1. Joel, I agree but with little movement on nuclear I can only assume the powers that be believe fracking will produce enough gas to keep the lights on. It’s only advantage is that we already have a good distribution and gas generating capacity (but very poor storage, so relying on Russia or LPG from elsewhere seems risky).

    2. (@Murray – please do not think I am directing this at you – it is meant as a general comment)

      Maybe I am just really strange, but I cannot understand why anyone who is prosperous enough to even consider installing a solar system would think that it is okay to take taxpayer money in order to make the economics work. Maybe I am inconsistent, since I accepted taxpayer money to pay for my college and graduate school educations, but I excuse that as a “value for value” transaction where I agreed to serve for several years in exchange for the education.

      During a brief interlude (96-99), I had the privilege of working as the GM in a very small company. I was the only college grad at the place so I took on a lot of roles, including producing the weekly payroll. When you spend three years running payroll numbers each week and seeing how much very hard working people have taken from every check in order to support the government, you get a different perspective on subsidies.

      Middle class people feel really guilty about taking government money and increasing the cost of electricity for everyone simply so they can put a shiny status symbol on their roof that does little or nothing to reduce the need to burn fossil fuel.

      1. I think I have to disagree with you on this one Rod.

        To my view (as a Canadian Middle Class office worker) most of the people in my class, look at their pay cheques every two weeks, curse the amount that goes to taxes, then look for every possible way to get some of it back. They don’t feel guilty about taking Subsidy’s at all, it’s just getting their money back from the government.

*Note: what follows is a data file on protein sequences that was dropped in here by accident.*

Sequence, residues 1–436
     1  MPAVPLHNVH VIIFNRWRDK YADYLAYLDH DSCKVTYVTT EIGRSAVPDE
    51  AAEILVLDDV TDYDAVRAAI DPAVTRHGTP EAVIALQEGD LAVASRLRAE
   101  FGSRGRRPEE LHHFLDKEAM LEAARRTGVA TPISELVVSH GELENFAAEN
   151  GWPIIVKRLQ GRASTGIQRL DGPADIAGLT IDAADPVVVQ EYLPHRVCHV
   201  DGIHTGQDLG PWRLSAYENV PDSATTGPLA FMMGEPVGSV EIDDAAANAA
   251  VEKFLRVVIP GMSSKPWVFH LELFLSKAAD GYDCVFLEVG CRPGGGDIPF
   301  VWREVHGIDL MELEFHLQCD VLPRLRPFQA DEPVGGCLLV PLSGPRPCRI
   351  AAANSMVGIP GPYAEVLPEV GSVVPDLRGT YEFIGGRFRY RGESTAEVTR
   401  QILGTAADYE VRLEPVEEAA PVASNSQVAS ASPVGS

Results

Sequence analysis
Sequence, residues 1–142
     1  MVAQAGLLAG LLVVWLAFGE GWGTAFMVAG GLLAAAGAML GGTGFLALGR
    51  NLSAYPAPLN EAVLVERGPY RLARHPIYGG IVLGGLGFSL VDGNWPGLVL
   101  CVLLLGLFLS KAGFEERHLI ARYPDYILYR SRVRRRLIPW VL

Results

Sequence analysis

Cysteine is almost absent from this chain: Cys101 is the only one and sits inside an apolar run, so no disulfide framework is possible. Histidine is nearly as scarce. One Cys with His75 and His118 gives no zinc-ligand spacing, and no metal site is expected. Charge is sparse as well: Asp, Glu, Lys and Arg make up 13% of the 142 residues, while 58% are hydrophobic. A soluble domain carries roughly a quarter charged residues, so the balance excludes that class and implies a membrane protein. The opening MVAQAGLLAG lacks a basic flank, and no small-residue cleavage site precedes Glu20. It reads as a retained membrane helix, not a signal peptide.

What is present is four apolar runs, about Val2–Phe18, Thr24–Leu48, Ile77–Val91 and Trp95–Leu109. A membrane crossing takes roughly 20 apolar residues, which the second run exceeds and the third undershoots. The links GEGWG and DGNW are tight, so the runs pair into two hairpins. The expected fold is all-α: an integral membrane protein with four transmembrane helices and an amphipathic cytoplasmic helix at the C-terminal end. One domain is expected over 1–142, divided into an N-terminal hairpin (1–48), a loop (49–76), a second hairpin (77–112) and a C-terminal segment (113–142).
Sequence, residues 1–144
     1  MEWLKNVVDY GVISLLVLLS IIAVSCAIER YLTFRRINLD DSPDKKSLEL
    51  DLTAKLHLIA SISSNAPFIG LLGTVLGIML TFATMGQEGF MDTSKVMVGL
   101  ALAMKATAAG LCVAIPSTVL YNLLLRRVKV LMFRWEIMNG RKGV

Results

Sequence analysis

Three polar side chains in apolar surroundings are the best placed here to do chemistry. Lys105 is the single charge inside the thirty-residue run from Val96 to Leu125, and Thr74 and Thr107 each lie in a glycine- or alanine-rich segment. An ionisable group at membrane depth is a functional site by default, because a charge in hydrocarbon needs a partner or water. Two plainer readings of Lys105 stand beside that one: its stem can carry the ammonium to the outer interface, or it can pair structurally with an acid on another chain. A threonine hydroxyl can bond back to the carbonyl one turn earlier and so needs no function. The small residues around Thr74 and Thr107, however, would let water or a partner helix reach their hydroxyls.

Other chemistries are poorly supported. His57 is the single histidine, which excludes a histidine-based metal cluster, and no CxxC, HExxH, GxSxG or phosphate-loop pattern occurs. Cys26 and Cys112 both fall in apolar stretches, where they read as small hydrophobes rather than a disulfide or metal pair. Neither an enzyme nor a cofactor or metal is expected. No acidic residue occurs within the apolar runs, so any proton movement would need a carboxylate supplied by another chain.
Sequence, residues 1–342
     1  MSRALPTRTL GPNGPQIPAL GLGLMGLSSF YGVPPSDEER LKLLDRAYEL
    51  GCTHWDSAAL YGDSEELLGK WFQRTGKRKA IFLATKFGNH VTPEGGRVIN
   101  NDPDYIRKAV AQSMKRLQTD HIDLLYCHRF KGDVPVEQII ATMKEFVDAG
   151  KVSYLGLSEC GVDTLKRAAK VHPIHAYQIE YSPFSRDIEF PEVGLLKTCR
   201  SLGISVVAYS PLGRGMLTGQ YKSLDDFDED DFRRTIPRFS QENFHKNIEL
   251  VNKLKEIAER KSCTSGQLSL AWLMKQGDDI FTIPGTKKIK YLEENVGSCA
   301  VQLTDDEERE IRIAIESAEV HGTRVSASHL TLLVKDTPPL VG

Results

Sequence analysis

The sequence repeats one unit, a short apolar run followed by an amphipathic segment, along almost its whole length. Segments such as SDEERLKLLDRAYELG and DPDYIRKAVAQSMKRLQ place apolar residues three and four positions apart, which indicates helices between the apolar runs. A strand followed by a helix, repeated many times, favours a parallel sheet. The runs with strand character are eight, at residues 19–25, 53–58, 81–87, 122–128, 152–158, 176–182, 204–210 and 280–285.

If doing something like putting solar panels up gets Joe Middle Class some money back, and the perception of one upping the Prius Driving Green Jones, then that is a feel good win win for them.

        And there in lies the core issue in the mind of Joe Middle Class:

        Direct Subsidies like this = Direct Effect to Joe Middle Class, and give him a shiny domerhicky on his roof to prove he cares. And as a plus, 2 days a year the electrical meter on his house rolls backwards.. 1 day if there is a Solar Eclipse in his area….

        Subsidies to Large Power Plants like Nuke Plants = Direct effects to big corporations that historically do nothing to pass any saving downstream to Joe Middle Class.

        So as a Politician, stuff like these solar subsidies keep Joe Middle Class happy and voting for them, keeps the renewable industry happy and voting for them, keeps the Fossil Fuel Industry happy and voting and funding them. And the Nuke industry really is not big or loud enough to worry about.

        Never under estimate the ability of the Mob to be distracted by Shiny stuff. Ohhhhhh we should cover the cooling towers with Solar Panels!!! SHINY Green Nuke Power!!!

      2. (@Rod – no offence taken)

        My point was that solar in the UK (I’m just NW of London so reasonable amounts of sunshine) doesn’t make much sense, subsidy or not. I may still go ahead with a DIY solar hot water system but only for the fun of it.

        Insulation does make sense in my case (and is subsidised by the fossil fuel producers). Most of the UK’s housing stock is poorly insulated so I’m happy that measures are being taken to encourage renovation.

        None of this addresses base load provision – I see no alternative to nuclear.

  4. Rod, your post is displaying blatant “latitudism”.

    Just because a country is latitudinally disadvantaged, they still have every opportunity to make anti-arithmetic/uneconomic decisions.